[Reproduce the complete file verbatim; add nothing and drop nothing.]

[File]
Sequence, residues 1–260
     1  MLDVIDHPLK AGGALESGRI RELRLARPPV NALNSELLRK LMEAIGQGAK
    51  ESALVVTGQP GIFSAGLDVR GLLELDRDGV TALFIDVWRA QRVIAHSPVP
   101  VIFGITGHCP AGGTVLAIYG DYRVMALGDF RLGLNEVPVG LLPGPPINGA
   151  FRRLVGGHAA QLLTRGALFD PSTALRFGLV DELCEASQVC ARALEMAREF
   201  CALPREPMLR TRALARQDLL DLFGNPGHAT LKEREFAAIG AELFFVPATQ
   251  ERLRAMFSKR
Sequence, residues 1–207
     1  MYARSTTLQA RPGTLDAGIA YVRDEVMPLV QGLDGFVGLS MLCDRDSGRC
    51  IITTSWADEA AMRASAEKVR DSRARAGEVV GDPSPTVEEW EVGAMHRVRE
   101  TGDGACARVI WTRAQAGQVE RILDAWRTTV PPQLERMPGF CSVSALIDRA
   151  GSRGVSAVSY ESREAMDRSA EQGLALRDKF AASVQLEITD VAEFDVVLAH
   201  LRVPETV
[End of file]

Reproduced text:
Sequence, residues 1–260
     1  MLDVIDHPLK AGGALESGRI RELRLARPPV NALNSELLRK LMEAIGQGAK
    51  ESALVVTGQP GIFSAGLDVR GLLELDRDGV TALFIDVWRA QRVIAHSPVP
   101  VIFGITGHCP AGGTVLAIYG DYRVMALGDF RLGLNEVPVG LLPGPPINGA
   151  FRRLVGGHAA QLLTRGALFD PSTALRFGLV DELCEASQVC ARALEMAREF
   201  CALPREPMLR TRALARQDLL DLFGNPGHAT LKEREFAAIG AELFFVPATQ
   251  ERLRAMFSKR
Sequence, residues 1–207
     1  MYARSTTLQA RPGTLDAGIA YVRDEVMPLV QGLDGFVGLS MLCDRDSGRC
    51  IITTSWADEA AMRASAEKVR DSRARAGEVV GDPSPTVEEW EVGAMHRVRE
   101  TGDGACARVI WTRAQAGQVE RILDAWRTTV PPQLERMPGF CSVSALIDRA
   151  GSRGVSAVSY ESREAMDRSA EQGLALRDKF AASVQLEITD VAEFDVVLAH
   201  LRVPETV